Squeezing the myths on OJ pasteurisation
Around the world the demand for premium fresh and not-from-concentrate orange juice is buoyant, with chilled fresh products often bucking a general trend towards reduced juice consumption. With such products depending on the maintenance of high quality to support demand, we look at how the ‘flash pasteurisation technique’ can help satisfy discerning consumers.
Whether fresh or from concentrate, with or without pulp, the challenge for manufacturers is the speed in which the flavour and quality alters and deteriorates after the orange is squeezed. Like any fruit, oranges are perishable and if there is to be an acceptable shelf life, the juice has to be pasteurised to destroy microorganisms and stop enzymatic activity.
At HRS Heat Exchangers, thermal treatment, also known as ‘flash pasteurisation’, is our preferred technique for making premium quality juice. “Oranges are complex fruits,” explains Matt Hale, International Sales and Marketing Director at HRS. “The flavour and quality is determined by hundreds of compounds, among them limonene, pectin methylesterase (PME), hydroxymethylfurfural (HMF) and ascorbic acid (vitamin C). What’s more, the exact composition varies according to the type of orange, climatic conditions and ripeness when picked.”
Chemical changes begin to occur as soon as juice is squeezed. Some compounds react with oxygen in the air; others are affected by enzymes that are released during squeezing. With oranges containing natural yeasts, squeezing triggers fermentation which results in the multiplication of any bacteria present.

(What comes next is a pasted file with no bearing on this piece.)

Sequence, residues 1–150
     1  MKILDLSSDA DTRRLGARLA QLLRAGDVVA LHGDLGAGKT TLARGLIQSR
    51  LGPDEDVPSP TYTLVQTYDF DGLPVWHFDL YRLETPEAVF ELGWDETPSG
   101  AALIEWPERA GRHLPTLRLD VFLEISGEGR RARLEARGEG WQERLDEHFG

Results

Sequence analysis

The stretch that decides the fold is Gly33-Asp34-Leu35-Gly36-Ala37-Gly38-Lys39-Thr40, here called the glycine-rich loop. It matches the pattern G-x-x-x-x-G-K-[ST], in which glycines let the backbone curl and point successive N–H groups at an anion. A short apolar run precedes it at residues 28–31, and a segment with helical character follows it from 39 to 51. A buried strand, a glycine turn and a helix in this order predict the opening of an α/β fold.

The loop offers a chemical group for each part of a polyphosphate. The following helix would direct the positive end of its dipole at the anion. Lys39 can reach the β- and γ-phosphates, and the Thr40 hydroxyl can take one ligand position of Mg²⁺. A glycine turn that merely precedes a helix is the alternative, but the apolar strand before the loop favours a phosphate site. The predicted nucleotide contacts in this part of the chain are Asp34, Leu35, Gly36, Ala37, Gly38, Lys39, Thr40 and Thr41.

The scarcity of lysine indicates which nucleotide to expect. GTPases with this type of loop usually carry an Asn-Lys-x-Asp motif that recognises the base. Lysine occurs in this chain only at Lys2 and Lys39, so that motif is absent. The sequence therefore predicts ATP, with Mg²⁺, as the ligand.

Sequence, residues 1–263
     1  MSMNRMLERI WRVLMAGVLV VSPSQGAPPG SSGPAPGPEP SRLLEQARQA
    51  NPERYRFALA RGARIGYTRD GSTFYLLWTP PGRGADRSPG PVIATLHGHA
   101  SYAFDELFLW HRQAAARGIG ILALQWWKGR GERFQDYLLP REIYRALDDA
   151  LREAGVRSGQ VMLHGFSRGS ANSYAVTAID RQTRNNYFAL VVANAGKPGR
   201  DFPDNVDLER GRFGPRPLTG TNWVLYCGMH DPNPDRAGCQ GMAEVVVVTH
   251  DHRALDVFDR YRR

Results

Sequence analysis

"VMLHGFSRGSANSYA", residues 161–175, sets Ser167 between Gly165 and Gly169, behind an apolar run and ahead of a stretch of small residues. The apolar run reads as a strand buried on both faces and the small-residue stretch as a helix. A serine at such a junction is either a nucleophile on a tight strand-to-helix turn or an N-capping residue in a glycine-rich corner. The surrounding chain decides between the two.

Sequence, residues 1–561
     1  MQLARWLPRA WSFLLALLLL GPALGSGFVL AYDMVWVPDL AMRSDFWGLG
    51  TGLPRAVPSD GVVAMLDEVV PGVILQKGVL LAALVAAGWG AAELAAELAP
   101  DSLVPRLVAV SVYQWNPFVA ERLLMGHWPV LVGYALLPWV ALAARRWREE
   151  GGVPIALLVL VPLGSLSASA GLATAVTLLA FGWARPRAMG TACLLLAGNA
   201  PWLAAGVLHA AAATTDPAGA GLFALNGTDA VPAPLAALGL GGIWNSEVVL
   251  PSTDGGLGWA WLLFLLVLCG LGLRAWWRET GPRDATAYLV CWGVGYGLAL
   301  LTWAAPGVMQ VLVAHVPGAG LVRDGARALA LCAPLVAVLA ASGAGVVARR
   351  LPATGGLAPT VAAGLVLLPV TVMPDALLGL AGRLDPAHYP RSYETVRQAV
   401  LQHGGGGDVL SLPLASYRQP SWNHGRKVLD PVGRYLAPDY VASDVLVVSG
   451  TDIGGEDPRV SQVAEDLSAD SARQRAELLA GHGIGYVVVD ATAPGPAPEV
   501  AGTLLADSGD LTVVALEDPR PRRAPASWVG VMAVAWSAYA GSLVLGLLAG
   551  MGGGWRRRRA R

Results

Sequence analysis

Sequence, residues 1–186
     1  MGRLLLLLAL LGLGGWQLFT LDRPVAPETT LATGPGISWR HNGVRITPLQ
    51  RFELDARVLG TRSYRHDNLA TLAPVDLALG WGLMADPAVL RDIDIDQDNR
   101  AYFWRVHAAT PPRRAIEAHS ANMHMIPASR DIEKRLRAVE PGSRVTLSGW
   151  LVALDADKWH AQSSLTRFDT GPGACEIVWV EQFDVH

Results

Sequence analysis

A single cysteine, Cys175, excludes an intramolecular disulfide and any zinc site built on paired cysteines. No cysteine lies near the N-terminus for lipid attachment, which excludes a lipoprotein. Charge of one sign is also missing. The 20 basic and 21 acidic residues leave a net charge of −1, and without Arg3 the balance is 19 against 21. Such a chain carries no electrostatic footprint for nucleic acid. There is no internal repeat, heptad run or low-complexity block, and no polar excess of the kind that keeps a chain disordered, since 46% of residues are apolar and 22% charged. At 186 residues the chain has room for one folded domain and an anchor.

Critics of pasteurisation argue that the process destroys the flavour of juice and alters the nutritional value. However, by minimising the thermal treatment time, HRS is assisting juice production plants to optimise juice quality and taste.
The HRS MI and MR Series of heat exchangers use a food-grade multi-tube corrugated tube heat exchanger to speed up the heat transfer in pasteurisation systems. These corrugated tubes create extra turbulence in the fluid as it flows through the tubes.
Matt explains more: “The result of this extra turbulence means that the orange juice can be heated up to pasteurisation temperature much quicker – typically up to 30%. Critically, heat velocity should be carefully considered because the longer it takes the greater the effect on the product and quality will deteriorate. The temperature of the heating media can affect quality too – the hotter the heating media, the more damage the hot tubes inside the pasteuriser will have on product quality.”
Because of the high heat transfer rates of the corrugated tube technique, HRS’s pasteurisation systems use water at a lower temperature to reduce the risk of product damage. Another benefit of higher heat transfer rates is that system footprint can be reduced using shorter heat exchanger pipes. The shorter length of the heat exchanger also results in a reduction in pressure drop, which saves pumping power and further reduces energy costs – often by 40%.
For more information on our MI and MR Series, please click here.